Woodlake declares community center complete
By Paul Myers @PaulM_SGN
WOODLAKE – More than half a decade in the making and the Woodlake Community Center is playing host to the City Council, youth basketball, community kitchen, Zumba classes and English as a Second Language classes.
And all for the cost of $4.5 million.
After the community center was underway at an estimated price of $3.9 million, the City decided to add a number of change orders to enhance the project. At their July 19, 2018 City Council meeting, the Council passed $570,809 worth of additions that included kitchen equipment, basketball court flooring, basketball courts and volleyball courts.
By the Feb. 11 City Council meeting where the Council finalized the projects total changes came out to $570,812, and were paid for by the general fund, Measure R (Woodlake’s 1% sales tax measure passed in 2017), and Measure S (Woodlake tax on commercial cannabis). With the additions the total cost of the project was $4,485,684.
According to Director of Community Development, Jason Waters the project was also funded by a $3 million United States Department of Agriculture (USDA) loan at 2.875% meant to be repaid by the general fund. Waters says the City will make $125,000 annual payments over the next 40 years.
It was over five years ago when the city council and city staff started actively discussing the need for a facility to be utilized by all age groups, from children to seniors. Property was required in order to qualify for a USDA loan to build such a facility. The Woodlake Lions Club donated the needed piece of property, which it owned, located on North Magnolia Street.
Demolition of an old building was facilitated, and construction of the center was started last August. The center follows in the city’s Spanish mission architecture, and was designed by The Taylor Group Architects in Fresno, said Ramon Lara, Woodlake city manager. The estimated building cost is nearly $4 million, with $3 million coming through a 40-year loan for which the city reportedly has already set aside funds to repay.
The 12,000-square foot building has a full kitchen, a full gym, council chambers, and a couple of multipurpose rooms. The center is designed for a variety of uses, for a variety of ages.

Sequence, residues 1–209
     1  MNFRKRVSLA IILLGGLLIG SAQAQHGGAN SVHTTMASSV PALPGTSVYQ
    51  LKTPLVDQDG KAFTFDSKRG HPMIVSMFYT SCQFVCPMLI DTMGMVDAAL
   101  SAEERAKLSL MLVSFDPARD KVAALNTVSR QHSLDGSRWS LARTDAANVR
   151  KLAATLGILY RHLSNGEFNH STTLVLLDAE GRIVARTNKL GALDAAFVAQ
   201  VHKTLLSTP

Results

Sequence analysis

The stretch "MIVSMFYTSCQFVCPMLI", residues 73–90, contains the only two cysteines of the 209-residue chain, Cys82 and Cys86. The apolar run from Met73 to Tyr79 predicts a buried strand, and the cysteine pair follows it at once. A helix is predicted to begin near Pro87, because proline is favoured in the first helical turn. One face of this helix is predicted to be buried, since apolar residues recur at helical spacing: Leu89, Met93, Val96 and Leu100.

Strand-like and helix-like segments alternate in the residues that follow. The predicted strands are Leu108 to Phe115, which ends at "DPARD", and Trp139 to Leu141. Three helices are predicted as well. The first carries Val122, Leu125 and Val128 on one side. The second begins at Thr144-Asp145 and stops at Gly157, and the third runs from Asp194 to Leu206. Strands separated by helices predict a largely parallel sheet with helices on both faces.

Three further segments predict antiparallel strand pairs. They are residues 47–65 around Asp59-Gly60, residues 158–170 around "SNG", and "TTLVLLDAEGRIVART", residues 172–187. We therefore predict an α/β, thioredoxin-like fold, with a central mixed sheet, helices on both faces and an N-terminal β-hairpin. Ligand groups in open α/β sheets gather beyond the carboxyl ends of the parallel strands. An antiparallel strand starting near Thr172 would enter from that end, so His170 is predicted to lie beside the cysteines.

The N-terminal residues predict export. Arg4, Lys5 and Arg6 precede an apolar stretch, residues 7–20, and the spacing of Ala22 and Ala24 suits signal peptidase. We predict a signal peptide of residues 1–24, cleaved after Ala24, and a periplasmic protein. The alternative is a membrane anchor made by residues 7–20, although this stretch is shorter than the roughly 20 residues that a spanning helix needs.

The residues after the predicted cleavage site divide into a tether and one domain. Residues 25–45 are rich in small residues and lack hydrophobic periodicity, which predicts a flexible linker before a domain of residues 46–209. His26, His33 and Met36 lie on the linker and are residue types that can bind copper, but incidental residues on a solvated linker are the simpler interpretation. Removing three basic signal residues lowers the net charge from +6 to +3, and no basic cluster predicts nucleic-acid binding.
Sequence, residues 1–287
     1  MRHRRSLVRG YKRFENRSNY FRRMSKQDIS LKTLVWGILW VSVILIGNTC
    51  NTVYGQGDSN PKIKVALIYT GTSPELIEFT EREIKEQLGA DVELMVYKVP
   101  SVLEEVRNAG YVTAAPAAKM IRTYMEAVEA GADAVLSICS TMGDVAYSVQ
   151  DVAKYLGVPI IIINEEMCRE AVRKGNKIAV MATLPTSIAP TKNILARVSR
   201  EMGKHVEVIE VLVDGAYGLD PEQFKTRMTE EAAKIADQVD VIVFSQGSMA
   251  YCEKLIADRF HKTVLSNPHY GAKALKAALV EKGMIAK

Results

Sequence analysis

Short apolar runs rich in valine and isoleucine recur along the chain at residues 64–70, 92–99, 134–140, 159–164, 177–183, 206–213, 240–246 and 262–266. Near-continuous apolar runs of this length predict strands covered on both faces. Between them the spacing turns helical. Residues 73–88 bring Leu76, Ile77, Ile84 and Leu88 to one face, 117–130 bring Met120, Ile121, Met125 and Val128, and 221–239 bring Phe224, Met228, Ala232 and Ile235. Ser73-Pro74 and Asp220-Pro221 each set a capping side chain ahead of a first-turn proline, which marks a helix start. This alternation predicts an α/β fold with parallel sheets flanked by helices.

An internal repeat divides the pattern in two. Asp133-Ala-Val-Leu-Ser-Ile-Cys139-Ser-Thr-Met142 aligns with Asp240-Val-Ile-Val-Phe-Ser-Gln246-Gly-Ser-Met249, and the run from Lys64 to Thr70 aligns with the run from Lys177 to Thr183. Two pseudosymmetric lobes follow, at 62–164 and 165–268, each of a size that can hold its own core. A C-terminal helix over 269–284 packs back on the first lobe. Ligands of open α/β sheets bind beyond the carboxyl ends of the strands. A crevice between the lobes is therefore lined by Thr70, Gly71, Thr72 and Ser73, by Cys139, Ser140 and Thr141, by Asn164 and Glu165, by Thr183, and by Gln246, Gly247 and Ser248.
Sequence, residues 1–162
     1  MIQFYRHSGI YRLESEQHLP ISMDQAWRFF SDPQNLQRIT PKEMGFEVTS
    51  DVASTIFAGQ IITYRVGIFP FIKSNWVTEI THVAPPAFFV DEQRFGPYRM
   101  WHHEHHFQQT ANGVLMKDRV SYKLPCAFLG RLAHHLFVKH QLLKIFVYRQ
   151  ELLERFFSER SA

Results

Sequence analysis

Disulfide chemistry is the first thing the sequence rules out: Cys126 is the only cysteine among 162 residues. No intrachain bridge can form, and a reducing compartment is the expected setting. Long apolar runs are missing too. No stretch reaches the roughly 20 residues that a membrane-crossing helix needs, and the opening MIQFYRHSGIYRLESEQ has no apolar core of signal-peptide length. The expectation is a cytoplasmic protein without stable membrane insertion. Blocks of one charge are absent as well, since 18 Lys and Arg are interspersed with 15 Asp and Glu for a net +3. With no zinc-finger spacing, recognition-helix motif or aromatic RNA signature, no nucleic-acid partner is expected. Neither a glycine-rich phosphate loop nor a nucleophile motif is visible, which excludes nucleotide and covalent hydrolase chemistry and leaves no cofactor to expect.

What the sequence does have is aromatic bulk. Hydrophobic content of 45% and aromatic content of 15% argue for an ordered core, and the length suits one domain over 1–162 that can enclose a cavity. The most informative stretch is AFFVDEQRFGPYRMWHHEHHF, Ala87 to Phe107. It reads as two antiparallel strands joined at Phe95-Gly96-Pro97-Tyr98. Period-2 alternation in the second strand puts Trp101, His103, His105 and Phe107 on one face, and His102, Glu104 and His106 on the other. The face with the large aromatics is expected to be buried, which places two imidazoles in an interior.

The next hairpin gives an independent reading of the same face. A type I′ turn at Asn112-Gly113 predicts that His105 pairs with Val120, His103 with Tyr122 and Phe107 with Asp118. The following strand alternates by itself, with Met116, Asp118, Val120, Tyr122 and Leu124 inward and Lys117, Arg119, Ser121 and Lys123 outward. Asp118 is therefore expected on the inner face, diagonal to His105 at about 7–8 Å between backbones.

“There has been a need for this for a lot of years,” said Jeff Johnson, chairman of the Citizen’s Oversight Committee.
The gymnasium has retractable basketball nets and can be converted to allow for volleyball and indoor soccer. The flooring will be conducive for indoor sports and proper lighting has been installed.
With the kitchen, the seniors’ lunch program will move to the center along with other recreational activities including bingo, arts and crafts, and various workshops aimed with this age group in mind.
The city council will receive new chambers with a removable dais and movable seating to allow for other uses of the room. There is a drop-down screen allowing for projections, and a neighboring overflow room if any particular council meeting is especially well attended. The new council chambers will allow the former chambers at city hall to be converted for much needed city use, Lara said.
The tower, designed as a landmark and easily spotted as the tallest structure in town at 63½ feet tall, at the bottom also serves as a ticket booth.
Previously, the city has gone without a parks and recreation department and currently, that department’s staff consists of Lara and city community development director Jason Waters in addition to their other duties. The city is working with Boys and Girls Club of the Sequoias to see about bringing a club, even in a limited capacity, into Woodlake. With this, and at this point in time, only a part-time parks and recreation employee would be needed. Otherwise, a full-time director may be required, and perhaps additional staffing, as well. Either way, some direction would be considered from the Oversight Committee.
“I feel like the city has really listened to the community as of late,” said Johnson, who is also the high school varsity football coach. “Indoor basketball, volleyball and soccer, along with the field improvements of Castle Rock, I think, will be getting a lot of kids off of their cell phones and into physical activity. There’s been a need for this for a lot of years.”
But, it is also great for the rest of the community as well, he added, including the capability for senior programs. “Everything will be an improvement from the past. Sometimes we tend to forget the older generation, but we must not forget our seniors.”